Politics & Policy

Hillary’s New Economic Agenda Sounds Remarkably Familiar

Clinton and Obama campaign in New Hampshire, June 2008. (Mario Tama/Getty)

Yesterday’s speech from Hillary Clinton was supposed to unveil a new, bold economic agenda. Instead, it offered a remarkable sense of déjà vu: Just about every major policy prescription it laid out was proposed by Barack Obama in 2008.

Make no mistake, candidate Clinton pledged to offer an agenda of new ideas, not just photocopies of dusty white papers from past campaigns. “We’re not going to find all the answers we need today in the playbooks of the past,” she began. We can’t go back to the old policies that failed us before. Nor can we just replay previous successes. Today is not 1993 or 2009.” But her proposals were almost entirely from “the playbooks of the past,” nearly every one of them having been first put to the public seven years ago, or even earlier.

Yesterday Clinton proposed an “infrastructure bank that can channel more public and private funds, channel those funds to finance world-class airports, railways, roads, bridges and ports.”

In 2008, then-candidate Obama pledged to create “a National Infrastructure Reinvestment Bank to expand and enhance, not supplant, existing federal transportation investments.”

Yesterday Clinton urged the country, “Let’s build those faster broadband networks.”

Yesterday’s speech from Hillary Clinton was supposed to unveil a new, bold economic agenda. Instead, it offered a remarkable sense of déjà vu.

In 2008, on the campaign trail, Obama declared, “As president, I will set a simple goal: Every American should have the highest-speed broadband access, no matter where you live or how much money you have.”

Yesterday, Clinton said, “There’s no excuse not to make greater investments in cleaner, renewable energy right now.”

In 2008, Obama pledged to direct “billions in loans and capital to entrepreneurs who are willing to create clean-energy businesses and clean-energy jobs right here in America” as part of a plan to “produce enough renewable energy to replace all the oil we import from the Middle East.”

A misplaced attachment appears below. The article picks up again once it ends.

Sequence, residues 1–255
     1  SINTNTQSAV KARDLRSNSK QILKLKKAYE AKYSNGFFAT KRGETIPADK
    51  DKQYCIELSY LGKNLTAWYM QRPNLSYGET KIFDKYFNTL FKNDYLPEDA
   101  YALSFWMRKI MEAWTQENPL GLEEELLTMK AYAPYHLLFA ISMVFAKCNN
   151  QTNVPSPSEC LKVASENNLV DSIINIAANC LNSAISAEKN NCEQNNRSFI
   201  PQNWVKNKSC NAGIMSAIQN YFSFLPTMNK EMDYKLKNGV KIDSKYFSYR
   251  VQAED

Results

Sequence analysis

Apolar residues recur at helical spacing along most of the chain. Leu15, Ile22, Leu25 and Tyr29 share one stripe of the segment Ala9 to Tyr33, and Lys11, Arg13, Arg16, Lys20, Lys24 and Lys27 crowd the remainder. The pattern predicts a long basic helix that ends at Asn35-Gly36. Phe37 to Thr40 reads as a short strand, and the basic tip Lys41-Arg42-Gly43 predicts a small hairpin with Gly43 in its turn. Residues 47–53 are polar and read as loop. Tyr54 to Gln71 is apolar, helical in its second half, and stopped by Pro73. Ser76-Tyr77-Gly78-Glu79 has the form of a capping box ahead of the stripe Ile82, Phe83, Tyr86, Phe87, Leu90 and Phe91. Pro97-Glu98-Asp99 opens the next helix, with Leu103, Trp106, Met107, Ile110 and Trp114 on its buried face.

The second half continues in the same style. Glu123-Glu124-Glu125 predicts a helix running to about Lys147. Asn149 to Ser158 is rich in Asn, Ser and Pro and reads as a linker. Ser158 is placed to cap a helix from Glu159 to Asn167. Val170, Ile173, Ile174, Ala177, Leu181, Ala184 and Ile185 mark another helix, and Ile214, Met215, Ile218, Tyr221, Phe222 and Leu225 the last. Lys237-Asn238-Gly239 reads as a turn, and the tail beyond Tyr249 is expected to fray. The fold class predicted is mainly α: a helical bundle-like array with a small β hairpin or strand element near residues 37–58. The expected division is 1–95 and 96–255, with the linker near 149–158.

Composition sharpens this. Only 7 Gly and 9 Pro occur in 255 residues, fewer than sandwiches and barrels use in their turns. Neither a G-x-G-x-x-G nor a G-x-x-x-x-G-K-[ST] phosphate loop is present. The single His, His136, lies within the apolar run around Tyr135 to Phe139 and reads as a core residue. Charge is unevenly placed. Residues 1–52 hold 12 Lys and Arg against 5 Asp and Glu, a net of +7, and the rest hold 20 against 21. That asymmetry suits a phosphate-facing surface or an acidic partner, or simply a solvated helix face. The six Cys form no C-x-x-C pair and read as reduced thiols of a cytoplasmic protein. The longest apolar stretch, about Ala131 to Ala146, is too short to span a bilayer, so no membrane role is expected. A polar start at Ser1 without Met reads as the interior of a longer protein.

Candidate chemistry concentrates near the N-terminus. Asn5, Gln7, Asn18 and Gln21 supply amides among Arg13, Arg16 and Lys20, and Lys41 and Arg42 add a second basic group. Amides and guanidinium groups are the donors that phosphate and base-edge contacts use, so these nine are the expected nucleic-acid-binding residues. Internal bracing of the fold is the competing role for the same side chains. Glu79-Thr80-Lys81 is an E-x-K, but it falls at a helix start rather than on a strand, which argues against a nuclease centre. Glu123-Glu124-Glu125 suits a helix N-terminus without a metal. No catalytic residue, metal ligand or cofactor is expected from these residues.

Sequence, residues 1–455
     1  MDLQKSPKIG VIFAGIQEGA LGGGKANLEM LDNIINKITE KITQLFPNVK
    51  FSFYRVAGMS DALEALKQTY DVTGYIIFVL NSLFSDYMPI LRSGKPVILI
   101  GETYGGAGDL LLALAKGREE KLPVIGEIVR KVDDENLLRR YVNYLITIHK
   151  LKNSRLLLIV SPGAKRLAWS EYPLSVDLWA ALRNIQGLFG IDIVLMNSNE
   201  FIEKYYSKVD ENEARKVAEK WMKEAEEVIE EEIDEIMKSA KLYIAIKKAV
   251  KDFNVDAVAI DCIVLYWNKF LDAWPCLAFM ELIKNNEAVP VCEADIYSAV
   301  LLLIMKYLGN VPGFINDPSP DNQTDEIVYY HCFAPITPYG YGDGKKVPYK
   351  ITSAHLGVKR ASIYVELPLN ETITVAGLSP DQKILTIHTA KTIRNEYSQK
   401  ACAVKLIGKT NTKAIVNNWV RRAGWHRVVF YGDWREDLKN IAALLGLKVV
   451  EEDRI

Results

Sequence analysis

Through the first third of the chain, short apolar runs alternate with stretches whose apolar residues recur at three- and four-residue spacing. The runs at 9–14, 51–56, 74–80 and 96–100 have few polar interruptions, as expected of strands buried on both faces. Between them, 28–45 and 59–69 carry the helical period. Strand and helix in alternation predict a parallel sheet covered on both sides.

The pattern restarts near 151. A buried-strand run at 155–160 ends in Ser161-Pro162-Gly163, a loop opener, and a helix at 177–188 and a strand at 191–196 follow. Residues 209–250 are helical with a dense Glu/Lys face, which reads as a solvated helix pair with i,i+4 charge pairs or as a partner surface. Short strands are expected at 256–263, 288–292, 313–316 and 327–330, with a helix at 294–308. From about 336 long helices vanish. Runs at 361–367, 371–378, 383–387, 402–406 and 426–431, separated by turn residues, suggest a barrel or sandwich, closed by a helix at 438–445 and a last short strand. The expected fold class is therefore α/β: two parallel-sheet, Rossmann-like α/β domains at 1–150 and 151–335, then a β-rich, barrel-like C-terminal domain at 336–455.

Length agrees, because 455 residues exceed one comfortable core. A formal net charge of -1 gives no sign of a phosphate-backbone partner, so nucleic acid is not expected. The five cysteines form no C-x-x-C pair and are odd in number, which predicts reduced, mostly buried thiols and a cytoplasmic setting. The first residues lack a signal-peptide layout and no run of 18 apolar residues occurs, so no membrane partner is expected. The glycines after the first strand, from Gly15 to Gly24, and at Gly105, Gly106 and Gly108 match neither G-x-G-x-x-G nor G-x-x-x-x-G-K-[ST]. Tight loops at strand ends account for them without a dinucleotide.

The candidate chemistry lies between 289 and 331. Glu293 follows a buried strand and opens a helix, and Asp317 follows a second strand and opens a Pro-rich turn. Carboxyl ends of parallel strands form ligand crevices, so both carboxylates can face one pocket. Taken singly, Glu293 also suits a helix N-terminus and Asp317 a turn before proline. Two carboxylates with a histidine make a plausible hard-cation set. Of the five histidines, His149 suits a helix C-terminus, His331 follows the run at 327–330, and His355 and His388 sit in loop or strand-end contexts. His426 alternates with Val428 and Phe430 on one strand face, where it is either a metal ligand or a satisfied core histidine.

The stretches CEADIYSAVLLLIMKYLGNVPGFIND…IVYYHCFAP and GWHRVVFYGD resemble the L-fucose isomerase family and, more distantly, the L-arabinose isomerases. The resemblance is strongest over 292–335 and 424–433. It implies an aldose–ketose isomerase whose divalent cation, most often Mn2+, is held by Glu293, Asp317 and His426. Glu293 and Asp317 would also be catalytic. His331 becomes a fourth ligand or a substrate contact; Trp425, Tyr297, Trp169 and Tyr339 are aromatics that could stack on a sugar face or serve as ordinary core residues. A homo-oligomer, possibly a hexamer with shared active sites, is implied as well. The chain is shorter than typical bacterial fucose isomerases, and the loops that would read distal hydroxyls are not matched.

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Yesterday, Clinton demanded “fair pay and fair scheduling, paid family leave and earned sick days” for American families.

Back in 2008, Obama said he would encourage states to adopt “paid family leave, require that employers provide seven paid sick days per year, enforce new Equal Employment Opportunity Commission guidelines on discrimination against family caregivers, urge businesses to adopt flexible work arrangements for working parents, and expand high-quality after-school programs for children of working parents.”

Yesterday Clinton said bluntly, “We have to raise the minimum wage.”

Seven years ago, with Clinton standing beside him at a unity rally, Obama declared, “We can raise the minimum wage, index it for inflation, and ensure that in America, hard work pays.”

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Yesterday, Clinton said, “I’m committed to seeing every four-year old in America have access to high-quality preschool in the next ten years.”

“We can start by investing $10 billion to guarantee access to quality, affordable, early-childhood education for every child in America,” Obama told a crowd at a rally in Flint, Michigan on June 16, 2008.

Yesterday, Clinton called Wisconsin governor Scott Walker “mean-spirited,” and said that, “It’s time to stand up to efforts across our country to undermine worker bargaining power.”

“We’re ready to play offense for organized labor,” then-candidate Obama told the AFL-CIO in 2008. “It’s time we had a president who didn’t choke saying the word ‘union.’ A president who strengthens our unions by letting them do what they do best: organize our workers.”

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Yesterday Clinton argued for “reviving the New Markets Tax Credit and Empowerment Zones to create greater incentives to invest in poor and remote areas.”

Republican Jack Kemp touted “enterprise zones” back in 1981. President Bill Clinton renamed Kemp’s idea “Empowerment Zones” at the Department of Housing and Urban Development. And Obama unveiled his own “Promise Zone” proposal last year.

#related#The heavy recycling of Obama’s 2008 agenda is a nod to two hard truths that Clinton and most elected Democrats would like the Democratic base, and the electorate as a whole, to ignore. First, despite all the talk about changing times and the need to address today’s unique challenges, the big-government agenda doesn’t change: make illegal immigrants citizens, reward Big Labor for its Election Day loyalty, tell business owners how to run their companies, raise taxes, and direct as much money as possible to your loyalists through massive spending projects. Eight years from now, sixteen years from now, that agenda will remain unchanged.

The second hard truth is that the “hope and change” of Obama’s 2008 campaign never came to fruition. The parts of Obama’s agenda that were enacted, such as green energy “investment” and infrastructure spending, have not discernably improved American life; Clinton can repeat the same promises because most Americans didn’t notice any impact from the last round of spending. Obama’s 2008 campaign was a profligate orgy of bold promises to every interest group under the sun. Clinton is borrowing heavily from the same playbook here — and hoping no one asks how she will succeed where Barack Obama failed.

— Jim Geraghty is the senior political correspondent for National Review.

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